Chapter 1: Introduction


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The purpose of this chapter is to provide an introduction to the subject matter of the book, with samples of the code and the diagrams you will read about and produce.

Background

The Web is a significant technological, economic, and cultural phenomenon. For relatively little cost and modest efforts, people can disseminate (publish) text, images, and multimedia to anyone with a computer with a connection to the Web. Furthermore, these computer connections are becoming increasingly widespread and powerful. The initial and still most common Web offerings were and are basically information. They are “read-only” for the viewer, termed the visitor, to the site. After review of the basics, this book explains how to build complex Web applications that incorporate reading and writing to databases and files. Examples of these types of applications are e-commerce sites and sites that gather information for research.

The Web is constructed using complex and still evolving software, hardware, and communication technologies. Products from different companies and organizations work together not perfectly, but fairly successfully based on published technical standards. In this text, we focus on what is termed middleware; namely, software products that bridge between ordinary Web pages to be interpreted and displayed on the visitor’s computer (called the client) and operating systems and database systems resident on the server computer (your computer or, more typically, your organization’s computer, which you have established as a node on the Web). We do not cover all the products that provide these functions. However, we have chosen to present two distinct sets:

  • PHP Hypertext Preprocessor (PHP), formerly named Personal Home Page, and database management system MySQL

  • Active Server Pages (ASP) with JavaScript as the scripting language and database management system Microsoft Access

The PHP and ASP systems, the latter used with JavaScript, are examples of middleware. MySQL and Access are examples of database management systems operating on the server computer.

The first set is open source. Open source refers to a worldwide movement in which software is made available as source code so that anyone can examine the internal workings and make suggestions for changes. Open-source software is also available for free, although many people and organizations find it easier to purchase it together with installation, maintenance, and other services. The second choice constitutes an example of proprietary software. The vendor for ASP and Access is the Microsoft Corporation. Proprietary software is generally sold only in its executable (also called compiled) form and the original source code is not revealed.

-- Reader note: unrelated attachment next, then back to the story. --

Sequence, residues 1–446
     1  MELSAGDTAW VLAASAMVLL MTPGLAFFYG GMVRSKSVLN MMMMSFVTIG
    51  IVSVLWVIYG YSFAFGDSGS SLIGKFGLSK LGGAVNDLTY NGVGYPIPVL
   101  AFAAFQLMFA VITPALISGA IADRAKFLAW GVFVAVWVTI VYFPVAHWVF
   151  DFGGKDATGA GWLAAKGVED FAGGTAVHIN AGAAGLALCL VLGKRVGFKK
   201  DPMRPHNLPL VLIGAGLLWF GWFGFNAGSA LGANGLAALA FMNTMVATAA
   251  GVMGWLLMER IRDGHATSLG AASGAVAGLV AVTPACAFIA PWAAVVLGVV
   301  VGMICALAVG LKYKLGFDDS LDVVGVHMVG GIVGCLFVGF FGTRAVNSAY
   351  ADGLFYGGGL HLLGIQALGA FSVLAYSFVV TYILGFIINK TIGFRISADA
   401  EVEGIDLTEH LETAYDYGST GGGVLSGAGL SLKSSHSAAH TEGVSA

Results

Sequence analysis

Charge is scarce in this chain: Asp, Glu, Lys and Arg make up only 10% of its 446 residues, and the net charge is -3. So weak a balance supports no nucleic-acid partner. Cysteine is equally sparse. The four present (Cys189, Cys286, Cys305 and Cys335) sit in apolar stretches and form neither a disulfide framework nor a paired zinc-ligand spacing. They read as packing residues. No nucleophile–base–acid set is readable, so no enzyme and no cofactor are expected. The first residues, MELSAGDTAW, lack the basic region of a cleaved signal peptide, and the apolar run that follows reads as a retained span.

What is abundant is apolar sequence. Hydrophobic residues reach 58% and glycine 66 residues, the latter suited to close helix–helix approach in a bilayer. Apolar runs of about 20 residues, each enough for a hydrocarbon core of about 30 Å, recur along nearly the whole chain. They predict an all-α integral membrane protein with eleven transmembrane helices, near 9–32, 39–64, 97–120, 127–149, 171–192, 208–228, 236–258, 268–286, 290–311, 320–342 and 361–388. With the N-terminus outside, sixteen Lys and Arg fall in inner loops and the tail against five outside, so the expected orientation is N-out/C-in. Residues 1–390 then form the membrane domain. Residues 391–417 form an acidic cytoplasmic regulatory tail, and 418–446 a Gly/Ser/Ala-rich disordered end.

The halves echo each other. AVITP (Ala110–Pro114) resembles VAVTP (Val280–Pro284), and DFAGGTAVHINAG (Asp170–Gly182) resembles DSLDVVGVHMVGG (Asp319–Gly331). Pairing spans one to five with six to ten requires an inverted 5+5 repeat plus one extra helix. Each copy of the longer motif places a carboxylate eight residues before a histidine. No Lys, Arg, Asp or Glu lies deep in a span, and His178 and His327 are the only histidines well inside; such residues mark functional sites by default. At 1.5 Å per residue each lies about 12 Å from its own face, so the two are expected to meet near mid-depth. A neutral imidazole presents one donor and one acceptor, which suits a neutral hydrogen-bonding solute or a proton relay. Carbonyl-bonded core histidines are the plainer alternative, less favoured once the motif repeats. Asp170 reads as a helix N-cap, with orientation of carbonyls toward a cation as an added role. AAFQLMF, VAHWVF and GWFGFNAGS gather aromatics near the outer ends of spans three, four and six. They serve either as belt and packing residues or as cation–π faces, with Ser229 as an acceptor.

By including two choices, we can describe points of commonality and points of difference. This is mainly to prepare you to learn yet another product or sets of products as technology evolves. PHP, which comes with its own language, and JavaScript, which we will use with ASP, are referred to in this context as server-side scripting languages. JavaScript also is a client-side scripting language, and you’ll learn about its use with HTML files in Chapter 3, “HTML Forms and Client-Side JavaScript.”

It should be noted that multi-user computer applications existed before the Web, and Web applications involving server-side resources existed before PHP or ASP came into existence. PHP and ASP offer ease of use for the developer and improved robustness and security for the owner of the server. If you have not used the older products, do not expect to appreciate fully these claims, although we do provide some reasons. Just as there were applications before these middleware products came into existence, new products are coming into use every day. Hopefully, what you gain from using this book will help you evaluate and master the new products.

Building a complex Web application is not just programming code. It involves analysis of the technical environment, consultation with the many groups of people to be involved in the project, and extensive planning. Entire courses and numerous books exist on systems analysis, systems design, usability, and other information technology and business topics. In this book, we introduce you to the planning and documenting aspects through methods of diagramming the information content of a database (entity-relationship diagram), the processes of an application (data flow diagram), and the flow of control of the scripts (storyboard).




Creating Database Web Applications with PHP and ASP
Creating Database Web Applications with PHP and ASP (Charles River Media Internet & Web Design)
ISBN: 1584502649
EAN: 2147483647
Year: 2005
Pages: 125
Authors: Jeanine Meyer

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